Unknown White Male

| April 2, 2006 | 0 Comments

A young man awakes, alone and disheveled, on a New York City subway train. He has no idea how he got there or where he is going. As the minutes pass, it slowly dawns on him that he also isn’t exactly sure where he is coming from, or what city he’s in, or even what his own name is. Fear and panic sets in as he realizes that his memory has somehow been completely wiped clean; he’s a blank slate, a stranger with no identity and no past, lost in a big, uncaring metropolis.
If that sounds like the set-up for a twisty psychological thriller (perhaps a sequel/prequel/spin-off to The Bourne Identity or Memento), take note that it’s actually the supposed real life story of 37-year-old Doug Bruce, who woke up one summer day in 2003 with a case of total retrograde amnesia. Doug’s frightening dilemma is the subject of Unknown White Male, an intriguing if slightly remote feature-length documentary. Since its premiere at Sundance last January, rumors have been circulating that the film is actually a fraud, a fictional narrative piece posing as a stranger-than-fiction documentary. I’d be much more inclined to believe such claims were the movie in question more sensational. Yet Unknown White Male unfolds with the clinical detachment of a medical case study. It approaches the material with a mixture of awe and fascination, yet, for all the footage at its disposal, never truly succeeds in capturing the fear, anxiety, and loneliness of Doug’s experience. The result is a drama (fiction or nonfiction–you decide for yourself!) that’s as intellectually engaging as it is emotionally distant.
Beginning with a loopy, gimmicky recreation of those terrifying first few hours (complete with shaky false-POV shots and flashes of overexposed B-roll), Unknown White Male tosses us directly into Doug’s waking nightmare. Baffled and scared out of his wits, he contacts the police, who take him to a NYC mental hospital. Through his signature (which he is able to instinctively scrawl out) and the discovery of the phone number of an ex-girlfriend, the doctors piece together Doug’s identity. The remainder of the film concerns his attempts to reintegrate himself into society and his own life. None of the skills he learned over the years are gone, just his personal memories and experiences, including those of anyone he has ever met. There appears, however, to be no physical explanation for his condition, and none of the doctors are able to say if or when his memory will return.
Unknown White Male is the feature debut of Rupert Murray, an old friend of Doug’s who began working on the movie when he received news of his bizarre condition. A combination of interviews/footage shot by Murray and Doug’s own video diary, the film takes us through the months following the “incident,” as Doug is reacquainted with his friends and members of his immediate family. We also share some of his new experiences, as the camera captures his “discovery” of fireworks, snow, and chocolate mousse. Murray narrates throughout, offering a dry but insightful commentary track on the action.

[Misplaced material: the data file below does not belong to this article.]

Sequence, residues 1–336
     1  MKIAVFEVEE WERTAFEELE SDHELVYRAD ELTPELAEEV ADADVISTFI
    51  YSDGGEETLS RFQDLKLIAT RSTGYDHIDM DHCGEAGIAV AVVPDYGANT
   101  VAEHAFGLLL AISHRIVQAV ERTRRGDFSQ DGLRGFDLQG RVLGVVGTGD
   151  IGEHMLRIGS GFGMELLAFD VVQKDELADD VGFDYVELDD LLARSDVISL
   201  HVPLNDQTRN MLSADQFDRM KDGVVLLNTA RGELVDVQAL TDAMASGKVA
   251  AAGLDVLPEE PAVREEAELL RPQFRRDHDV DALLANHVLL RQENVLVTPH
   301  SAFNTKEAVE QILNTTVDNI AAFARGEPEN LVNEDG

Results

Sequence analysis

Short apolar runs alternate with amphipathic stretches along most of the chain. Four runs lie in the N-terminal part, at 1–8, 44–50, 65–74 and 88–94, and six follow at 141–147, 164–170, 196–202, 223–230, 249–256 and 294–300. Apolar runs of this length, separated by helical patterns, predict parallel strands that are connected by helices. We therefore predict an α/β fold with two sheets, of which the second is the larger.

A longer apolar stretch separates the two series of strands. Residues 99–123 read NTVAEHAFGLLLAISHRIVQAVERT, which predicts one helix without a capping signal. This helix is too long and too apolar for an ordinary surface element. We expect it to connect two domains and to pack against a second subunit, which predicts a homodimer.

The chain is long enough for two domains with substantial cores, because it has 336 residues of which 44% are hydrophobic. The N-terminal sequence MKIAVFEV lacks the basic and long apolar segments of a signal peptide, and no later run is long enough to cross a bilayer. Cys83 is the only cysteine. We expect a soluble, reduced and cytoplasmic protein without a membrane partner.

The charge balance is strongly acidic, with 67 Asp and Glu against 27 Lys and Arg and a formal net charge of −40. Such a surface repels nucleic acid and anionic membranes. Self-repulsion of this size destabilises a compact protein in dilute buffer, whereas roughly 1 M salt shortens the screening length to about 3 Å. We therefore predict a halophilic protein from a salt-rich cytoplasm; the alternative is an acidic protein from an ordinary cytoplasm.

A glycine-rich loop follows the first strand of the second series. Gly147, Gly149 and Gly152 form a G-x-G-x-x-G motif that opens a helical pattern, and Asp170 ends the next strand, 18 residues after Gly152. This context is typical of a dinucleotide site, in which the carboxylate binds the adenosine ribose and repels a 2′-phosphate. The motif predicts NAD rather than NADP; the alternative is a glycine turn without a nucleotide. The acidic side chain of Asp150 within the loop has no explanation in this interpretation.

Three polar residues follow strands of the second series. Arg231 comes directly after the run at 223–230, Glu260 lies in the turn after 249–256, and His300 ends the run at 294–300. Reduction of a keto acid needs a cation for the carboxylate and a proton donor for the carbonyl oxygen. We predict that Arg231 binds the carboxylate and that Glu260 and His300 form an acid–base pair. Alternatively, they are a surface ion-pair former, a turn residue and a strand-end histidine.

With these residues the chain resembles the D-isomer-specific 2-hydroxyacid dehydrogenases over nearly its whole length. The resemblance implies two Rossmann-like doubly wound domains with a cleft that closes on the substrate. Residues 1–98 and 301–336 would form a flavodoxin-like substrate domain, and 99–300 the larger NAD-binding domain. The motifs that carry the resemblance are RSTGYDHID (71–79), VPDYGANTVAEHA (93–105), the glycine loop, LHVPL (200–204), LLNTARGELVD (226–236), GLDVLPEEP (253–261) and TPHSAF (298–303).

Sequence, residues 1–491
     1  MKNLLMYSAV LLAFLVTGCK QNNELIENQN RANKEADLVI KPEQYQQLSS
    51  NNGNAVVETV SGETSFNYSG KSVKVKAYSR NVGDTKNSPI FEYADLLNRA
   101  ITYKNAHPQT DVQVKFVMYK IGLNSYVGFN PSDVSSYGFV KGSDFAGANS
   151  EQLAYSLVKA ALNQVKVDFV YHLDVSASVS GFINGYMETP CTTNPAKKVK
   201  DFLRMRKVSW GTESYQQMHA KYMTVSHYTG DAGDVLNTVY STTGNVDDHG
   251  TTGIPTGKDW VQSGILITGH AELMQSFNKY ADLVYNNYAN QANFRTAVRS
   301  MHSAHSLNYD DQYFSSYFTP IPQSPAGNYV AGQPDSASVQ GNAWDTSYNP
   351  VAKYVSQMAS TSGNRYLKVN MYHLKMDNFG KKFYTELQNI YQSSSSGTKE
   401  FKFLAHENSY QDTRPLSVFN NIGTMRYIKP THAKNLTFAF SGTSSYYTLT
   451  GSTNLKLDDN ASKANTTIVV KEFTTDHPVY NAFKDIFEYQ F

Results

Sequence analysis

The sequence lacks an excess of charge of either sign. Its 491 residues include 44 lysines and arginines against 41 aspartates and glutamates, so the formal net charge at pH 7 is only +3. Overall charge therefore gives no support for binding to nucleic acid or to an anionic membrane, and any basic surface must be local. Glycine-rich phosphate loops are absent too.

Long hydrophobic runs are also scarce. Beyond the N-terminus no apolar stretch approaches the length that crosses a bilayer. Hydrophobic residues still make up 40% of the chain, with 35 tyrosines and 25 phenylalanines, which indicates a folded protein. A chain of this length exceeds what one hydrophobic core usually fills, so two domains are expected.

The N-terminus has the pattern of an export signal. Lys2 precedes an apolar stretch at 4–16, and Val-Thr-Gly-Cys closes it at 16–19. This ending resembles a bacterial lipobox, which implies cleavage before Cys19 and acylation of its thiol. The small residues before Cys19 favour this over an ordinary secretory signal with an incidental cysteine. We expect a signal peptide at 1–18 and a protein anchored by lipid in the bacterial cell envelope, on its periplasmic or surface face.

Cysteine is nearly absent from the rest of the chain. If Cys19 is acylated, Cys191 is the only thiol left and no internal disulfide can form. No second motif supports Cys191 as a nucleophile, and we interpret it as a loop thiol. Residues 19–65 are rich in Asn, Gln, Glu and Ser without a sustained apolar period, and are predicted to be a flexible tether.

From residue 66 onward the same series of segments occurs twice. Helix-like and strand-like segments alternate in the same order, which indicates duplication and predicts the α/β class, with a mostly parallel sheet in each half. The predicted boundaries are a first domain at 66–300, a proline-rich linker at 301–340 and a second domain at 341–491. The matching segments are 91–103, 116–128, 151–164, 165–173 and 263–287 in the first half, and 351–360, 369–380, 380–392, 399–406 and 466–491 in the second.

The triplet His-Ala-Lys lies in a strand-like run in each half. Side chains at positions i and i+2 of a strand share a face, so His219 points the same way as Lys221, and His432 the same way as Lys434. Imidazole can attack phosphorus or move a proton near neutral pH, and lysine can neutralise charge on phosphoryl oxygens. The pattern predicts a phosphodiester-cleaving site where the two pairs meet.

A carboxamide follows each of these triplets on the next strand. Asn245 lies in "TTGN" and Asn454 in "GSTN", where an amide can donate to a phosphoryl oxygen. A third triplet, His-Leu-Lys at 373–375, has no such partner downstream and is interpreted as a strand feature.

Much of all this is undeniably fascinating, and Murray raises a number of provocative questions. How much of who we are is shaped by our memories and experiences? Is our personality merely the product of the environment in which we were raised, or is it rooted in something deeper? And what would it be like to see the world through the eyes of a newborn baby but with the cognitive faculties of a grown man?
Unknown White Male could stir up some heavy philosophical debate, yet much of its interest lies entirely in its captivating premise, not its execution. For all the awkward encounters and confessional moments captured on tape, the film keeps us at a safe distance from its subject, encouraging us to analyze but not to become emotionally invested. Family members, friends, and even Doug himself remain curiously aloof throughout the film, perhaps because cameras are constantly in their faces. We never feel plugged into Doug’s predicament or privy to what he is experiencing, and thus we never really get to know him, either as the person he was or the person he has become. Of course, this is understandable and perhaps appropriate, given that Doug doesn’t even know who he is. But without any real insight into what he is actually going through, the film sputters out a bit towards the end, and we are left intellectually stimulated but strangely unmoved.
Real or fake, documentary or elaborate hoax, Unknown White Male would have benefited from a more personal touch. Still, it does leave one quite curious as to what Doug is up to these days. I can’t wait for the sequel.

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